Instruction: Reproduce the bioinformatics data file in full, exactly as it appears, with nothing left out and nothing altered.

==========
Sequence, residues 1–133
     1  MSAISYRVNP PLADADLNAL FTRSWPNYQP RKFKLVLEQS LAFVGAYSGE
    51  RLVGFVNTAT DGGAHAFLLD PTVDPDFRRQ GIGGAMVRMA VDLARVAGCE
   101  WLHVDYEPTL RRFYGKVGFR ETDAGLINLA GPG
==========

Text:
Sequence, residues 1–133
     1  MSAISYRVNP PLADADLNAL FTRSWPNYQP RKFKLVLEQS LAFVGAYSGE
    51  RLVGFVNTAT DGGAHAFLLD PTVDPDFRRQ GIGGAMVRMA VDLARVAGCE
   101  WLHVDYEPTL RRFYGKVGFR ETDAGLINLA GPG